Serving up the next alt-protein — cell-cultured beef rice

Thursday, 15 February, 2024

Serving up the next alt-protein — cell-cultured beef rice

From lab-grown chicken to cricket-derived protein, there are many innovative meat alternatives being developed.

Korean scientists from Yonsei University have added a new recipe to the list of alternative proteins — cultured beef rice — by growing animal muscle and fat cells inside rice grains. The method, presented February 14 in the journal Matter, resulted in a hybrid food that could provide a more affordable protein alternative with a smaller carbon footprint.

“Imagine obtaining all the nutrients we need from cell-cultured protein rice,” said first author Sohyeon Park, who conducted the study under the guidance of corresponding author Jinkee Hong at Yonsei University, South Korea. “Rice already has a high nutrient level, but adding cells from livestock can further boost it.”

In animals, biological scaffolds help guide and support three-dimensional cell growth to form tissue and organs. To cultivate cell-cultured meat, the team mimicked this cellular environment, using rice. Rice grains are porous and have organised structures, providing a scaffold to house animal-derived cells in the nooks and crannies. Certain molecules found in rice can also nourish and promote the growth of these cells, making rice a suitable platform.

First, the team coated the rice with fish gelatin, a safe and edible ingredient that helps cells latch onto the rice better. Cow muscle and fat stem cells were then seeded into the rice and left to culture in the petri dish for nine to 11 days. The harvested final product is a cell-cultured beef rice with main ingredients that meet food safety requirements and have a low risk of triggering food allergies.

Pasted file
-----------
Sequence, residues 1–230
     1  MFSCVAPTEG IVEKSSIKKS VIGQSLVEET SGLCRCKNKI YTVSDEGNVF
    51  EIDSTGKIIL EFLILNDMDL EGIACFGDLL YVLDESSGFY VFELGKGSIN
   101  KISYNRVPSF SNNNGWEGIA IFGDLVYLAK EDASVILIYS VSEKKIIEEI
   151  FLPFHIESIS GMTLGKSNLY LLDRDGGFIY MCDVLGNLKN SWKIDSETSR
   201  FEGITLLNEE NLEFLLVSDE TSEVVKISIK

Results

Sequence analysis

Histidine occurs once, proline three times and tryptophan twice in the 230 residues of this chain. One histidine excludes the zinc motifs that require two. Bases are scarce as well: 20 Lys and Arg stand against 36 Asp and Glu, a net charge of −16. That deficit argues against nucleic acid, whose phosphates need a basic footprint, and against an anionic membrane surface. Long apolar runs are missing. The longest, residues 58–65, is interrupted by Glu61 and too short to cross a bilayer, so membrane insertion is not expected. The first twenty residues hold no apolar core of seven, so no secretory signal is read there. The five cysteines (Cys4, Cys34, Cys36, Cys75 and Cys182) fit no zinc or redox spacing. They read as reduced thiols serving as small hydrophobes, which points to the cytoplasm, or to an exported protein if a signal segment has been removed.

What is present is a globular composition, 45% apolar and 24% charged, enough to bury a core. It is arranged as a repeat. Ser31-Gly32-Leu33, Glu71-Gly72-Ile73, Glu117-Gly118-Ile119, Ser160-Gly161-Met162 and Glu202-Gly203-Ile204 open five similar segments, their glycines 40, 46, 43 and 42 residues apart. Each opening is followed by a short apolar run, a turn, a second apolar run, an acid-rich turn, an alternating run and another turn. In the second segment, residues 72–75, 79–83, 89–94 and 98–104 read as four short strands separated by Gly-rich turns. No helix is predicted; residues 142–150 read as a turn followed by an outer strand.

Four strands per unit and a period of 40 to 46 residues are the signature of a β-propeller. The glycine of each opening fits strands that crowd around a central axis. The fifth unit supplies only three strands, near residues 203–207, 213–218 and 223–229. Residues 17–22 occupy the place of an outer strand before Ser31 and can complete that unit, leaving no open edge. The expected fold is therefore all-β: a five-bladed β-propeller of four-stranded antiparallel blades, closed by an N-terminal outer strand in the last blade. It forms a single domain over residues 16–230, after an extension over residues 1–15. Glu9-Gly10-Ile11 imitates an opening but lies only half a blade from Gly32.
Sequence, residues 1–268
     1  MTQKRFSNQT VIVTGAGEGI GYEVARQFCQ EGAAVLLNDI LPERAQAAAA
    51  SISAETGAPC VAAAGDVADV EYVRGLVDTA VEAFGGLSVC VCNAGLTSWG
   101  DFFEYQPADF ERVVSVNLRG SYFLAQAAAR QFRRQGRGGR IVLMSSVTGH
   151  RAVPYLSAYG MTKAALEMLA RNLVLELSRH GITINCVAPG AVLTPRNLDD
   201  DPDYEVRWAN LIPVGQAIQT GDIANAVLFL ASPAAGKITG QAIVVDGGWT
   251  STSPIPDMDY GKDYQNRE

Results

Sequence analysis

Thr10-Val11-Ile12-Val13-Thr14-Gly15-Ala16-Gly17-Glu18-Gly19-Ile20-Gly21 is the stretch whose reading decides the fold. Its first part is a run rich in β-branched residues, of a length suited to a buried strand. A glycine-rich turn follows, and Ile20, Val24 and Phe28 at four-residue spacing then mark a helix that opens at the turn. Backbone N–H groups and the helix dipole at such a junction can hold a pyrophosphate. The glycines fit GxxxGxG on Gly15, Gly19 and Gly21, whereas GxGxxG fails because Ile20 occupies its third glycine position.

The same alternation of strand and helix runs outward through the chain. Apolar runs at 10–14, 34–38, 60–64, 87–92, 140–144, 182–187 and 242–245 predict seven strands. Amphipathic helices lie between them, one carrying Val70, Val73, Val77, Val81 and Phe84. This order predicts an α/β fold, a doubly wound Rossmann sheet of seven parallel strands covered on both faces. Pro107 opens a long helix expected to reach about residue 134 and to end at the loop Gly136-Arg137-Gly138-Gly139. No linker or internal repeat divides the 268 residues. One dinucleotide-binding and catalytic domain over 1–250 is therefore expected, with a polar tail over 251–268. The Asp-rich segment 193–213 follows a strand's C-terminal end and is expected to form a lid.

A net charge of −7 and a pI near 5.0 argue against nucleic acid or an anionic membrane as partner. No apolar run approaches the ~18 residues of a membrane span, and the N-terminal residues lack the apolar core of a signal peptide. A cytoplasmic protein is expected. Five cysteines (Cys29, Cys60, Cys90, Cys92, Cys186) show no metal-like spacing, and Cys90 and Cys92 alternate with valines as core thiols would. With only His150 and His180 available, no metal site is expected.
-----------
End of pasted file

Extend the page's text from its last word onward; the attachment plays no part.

The researchers steamed the hybrid rice and performed various food industry analyses, including nutritional value, odour and texture. The findings revealed that hybrid rice has 8% more protein and 7% more fat than regular rice. Compared to the regular texture of rice, the hybrid was more firm and brittle. Hybrid rice with higher muscle content had beef- and almond-related odour compounds, while those with higher fat content had compounds corresponding to cream, butter and coconut oil.

The hybrid rice has a small carbon footprint, estimated to release less than 6.27 kg of CO2 for every 100 g produced, compared to beef which releases 49.89 kg.

The team is optimistic about commercialising the product because the hybrid meat has low food safety risks and a relatively easy production process. First, the team plans to create better conditions in the rice grain for both muscle and fat cells to thrive, which can further boost the nutritional value.

“I didn’t expect the cells to grow so well in the rice,” Park said. “Now I see a world of possibilities for this grain-based hybrid food. It could one day serve as food relief for famine, military ration or even space food.”

Image credit: Yonsei University.

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